Another great way to green your giving is to buy sustainability themed gifts for your loved ones, like steel straws, mesh produce bags, reusable water bottles and reusable Bee’s Wrap.
“Little things like that can really change their habits,” Karlee Siepierski, university sustainability manager at Virginia Tech in Blacksburg, Virginia, says. “You’re creating a sustainability chain.”
When shopping for gifts, try to plan all your shopping for one day to reduce the environment cost of driving for multiple shopping trips. And, as always, be sure to bring your reusable shopping bags.
Ever year, thousands of tons of wrapping paper are used during the holiday season. According to “The Recycler’s Handbook” by the EarthWorks Group, half of the paper America consumes is used to wrap and decorate consumer products; Hallmark estimates that Americans spend $3.2 billion every year on gift wrap.
On top of that, most Christmas wrapping paper is not recyclable because it dyed and laminated. Make an effort to buy eco-friendly and recyclable wrapping paper. You can also make simple gift wrap from recycled paper grocery bags, newspaper or even old maps. Even better, pack gifts in reusable gift bags that be used year after year.
If you have saved ribbons from last year’s holiday gift giving, consider reusing them as well. The U.S. CDC estimates that if every family reused just 2 feet of holiday ribbon, the 38,000 miles of ribbon saved could tie a bow around the entire planet.
Food waste is endemic during the holidays. “We have a tendency during the holidays to over-serve,” Lilienfeld says. An easy way to cut back on food waste is to serve your holiday feast buffet-style.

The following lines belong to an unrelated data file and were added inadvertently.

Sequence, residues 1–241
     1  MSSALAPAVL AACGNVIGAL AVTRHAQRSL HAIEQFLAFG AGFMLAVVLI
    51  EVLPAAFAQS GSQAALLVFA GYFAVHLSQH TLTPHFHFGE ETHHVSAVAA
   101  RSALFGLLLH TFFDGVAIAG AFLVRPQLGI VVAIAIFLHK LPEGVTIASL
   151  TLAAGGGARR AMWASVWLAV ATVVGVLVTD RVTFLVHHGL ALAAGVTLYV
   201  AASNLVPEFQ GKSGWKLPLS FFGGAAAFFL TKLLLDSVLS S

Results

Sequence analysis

“Ask people to take only what they think they can eat,” he says. “What gets left on a plate is garbage; what gets left on the table on platters is leftovers.” You can even send your guests home with leftovers in reusable containers.
Plan and portion your meals carefully ahead of time. Make an extra effort to shop for local ingredients to reduce carbon cost of shipped food, and opt for more vegetarian and vegan options that are grown from less carbon than their carnivorous counterparts. If you must have meat, buy local (and, hopefully, organic) when you can.
You can keep the holidays cozy without wasting a ton of energy. Close your curtains at night to keep heat from escaping through drafty windows. Consider lowering your thermostat a few degrees when your house is filled with your guests, or turning it down to your base level if you plan to travel during the holidays.
“If you have a lot of people over, your house is going to heat up anyway” Lilienfeld says. “The energy we use in our homes is probably the biggest single source of greenhouse gases in the country.”
Many folks will travel to see loved ones this holiday season. According to the Bureau of Transportation Statistics, the average Christmas or New Year’s long-distance trip is 275 miles long.
“If you have to fly, you can think about purchasing carbon offsets for your flight,” Hamilton recommends.
For those traveling locally, consider more conscious travel options. “If you’re driving somewhere, try to carpool with someone,” Baudino says. “If you can, take a train or a bus or even ride your bike.”
If you are going out of town for the holidays, be sure to turn off lights, turn your thermostat down and set your holiday lights on timers while you are gone.
The holidays are a great time to make extra efforts towards sustainability, but the best gift you can give to the planet is to keep up the efforts after the holidays wrap up.
“Take it beyond the holidays and keep working towards sustainability,” Siepierski says. “If you choose to take these habits beyond the holidays and make changes in your life all the time, you’ll definitely reduce your waste a ton.”